This is Day 11 in my 30-day blogging journey.

If you don’t know the backstory, check out Day 1.

In my 20s, my life was saved by Dr. David Deckert.

I mean that closer to the literal sense than the figurative.

In my 40s, my life was saved by Dr. Collin Myers.

This time, more figurative.

Shortly after my father passed away in 2011, I called up a therapist who could help with grief and sat down with her for two sessions.

In the first one, my grief overtook me.

I cried through most of that session.

In the second session, I had very little to say and she had very little feedback for me.

So, I quit.

I started back in therapy in 2019 when I was in great shape professionally but terrible shape personally.

I looked up therapists on Google who were close to my studio so that I wouldn’t have to travel far.

I found Dr. Collin’s name, saw some reviews which didn’t seem to sway my thoughts one way or another and set up my first appointment.

He was perfect.

He was exactly what I needed in a therapist: He knew when to speak and when to listen. He knew when to ask questions and he ALWAYS would nail me with a question that would leave me processing between visits.

He also was just enough of the paternal side of my life that I was missing with the loss of my father.

I look at therapy a lot like personal training and nutrition coaching.

A good therapist can’t do the work for you.

And a good therapist “shouldn’t” spell all of your bullshit out for you (but sometimes they need to).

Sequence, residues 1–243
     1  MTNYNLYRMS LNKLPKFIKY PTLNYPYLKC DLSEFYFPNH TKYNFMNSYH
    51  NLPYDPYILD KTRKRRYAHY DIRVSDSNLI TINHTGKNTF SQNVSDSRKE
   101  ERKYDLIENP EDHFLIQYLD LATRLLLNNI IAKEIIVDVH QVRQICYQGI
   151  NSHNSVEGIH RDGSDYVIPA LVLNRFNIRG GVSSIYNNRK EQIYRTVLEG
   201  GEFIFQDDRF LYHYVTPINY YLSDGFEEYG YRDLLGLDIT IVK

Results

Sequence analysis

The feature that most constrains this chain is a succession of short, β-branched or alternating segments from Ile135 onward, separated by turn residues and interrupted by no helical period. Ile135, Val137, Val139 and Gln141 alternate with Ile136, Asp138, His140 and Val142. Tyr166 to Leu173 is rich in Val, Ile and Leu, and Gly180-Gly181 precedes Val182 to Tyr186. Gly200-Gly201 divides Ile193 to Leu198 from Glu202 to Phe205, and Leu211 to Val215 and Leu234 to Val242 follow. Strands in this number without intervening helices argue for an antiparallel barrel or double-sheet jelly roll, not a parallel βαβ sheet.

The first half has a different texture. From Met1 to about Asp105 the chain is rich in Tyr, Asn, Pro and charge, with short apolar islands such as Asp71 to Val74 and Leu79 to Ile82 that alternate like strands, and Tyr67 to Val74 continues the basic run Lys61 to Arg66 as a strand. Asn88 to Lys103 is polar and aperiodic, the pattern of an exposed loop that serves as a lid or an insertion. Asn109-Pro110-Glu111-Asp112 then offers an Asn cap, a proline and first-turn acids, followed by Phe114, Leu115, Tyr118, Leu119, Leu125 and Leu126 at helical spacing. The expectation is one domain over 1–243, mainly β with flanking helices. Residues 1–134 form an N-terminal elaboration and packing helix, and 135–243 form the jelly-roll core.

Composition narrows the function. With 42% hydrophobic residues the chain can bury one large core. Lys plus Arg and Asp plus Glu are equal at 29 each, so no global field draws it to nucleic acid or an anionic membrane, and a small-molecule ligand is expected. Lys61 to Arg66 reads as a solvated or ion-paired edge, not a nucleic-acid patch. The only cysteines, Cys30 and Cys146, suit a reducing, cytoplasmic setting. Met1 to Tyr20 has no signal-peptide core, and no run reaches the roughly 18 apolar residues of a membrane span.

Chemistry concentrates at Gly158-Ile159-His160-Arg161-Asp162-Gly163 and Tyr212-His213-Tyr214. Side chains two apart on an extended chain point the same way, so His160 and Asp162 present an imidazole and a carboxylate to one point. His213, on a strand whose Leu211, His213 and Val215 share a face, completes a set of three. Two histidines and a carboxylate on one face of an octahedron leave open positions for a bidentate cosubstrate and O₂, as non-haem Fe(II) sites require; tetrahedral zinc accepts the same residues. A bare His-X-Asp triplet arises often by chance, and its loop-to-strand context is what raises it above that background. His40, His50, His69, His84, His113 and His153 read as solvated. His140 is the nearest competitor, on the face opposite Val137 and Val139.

Therapy is painful. Therapy is uncomfortable. Therapy is, in my humble opinion, necessary for basically everyone.

And if you’re the kind of person who says: “I don’t need therapy.”

My friend, you probably need it more than most.

Of course, it does take finding the right person for you…like personal training…and nutrition coaching…

Dr. Collin and I spent a lot of time together between 2019-20.

We have spent a lot less time together between 2020 and now.

Most of that has to do with the fact that my life feels pretty good right now.

Not perfect. It will never be perfect.

But it feels good. It doesn’t feel like it’s cracking.

One thing I appreciate when I’m able to reconnect with him, is that it can be like picking back up with an old friend. We know the story, we know the history, and we can fill in the gaps from there.

It reminds me of something that happens with my business too.

Some clients come and they stay for a long time.

Some clients come, take what they need and leave, never to be seen again (we hope it was a good experience, nonetheless).

And some clients come, and leave, and then return.

Of course, they all have value to us. There’s something to learn from each of those types of clients.

But personal training, nutrition coaching, or traditional therapy can feel like it’s a stepping stone.

Sometimes the service provided is merely a place for an individual to stop for a time before they go on to the next stage or chapter of their lives.

I can’t be stingy with Dr. Collin. If you want to reach out to his office, you can do so HERE.

Not everyone wants a male therapist, so if you need a female therapist to speak to, he has someone on staff who can help.

For as long as he can tolerate me, I know I’ll have a place with Collin.

Coincidentally, he dropped by my studio as I was writing this piece about him.

Perhaps that is serendipitous.

Thank you, my friend. My life would not be the same without you.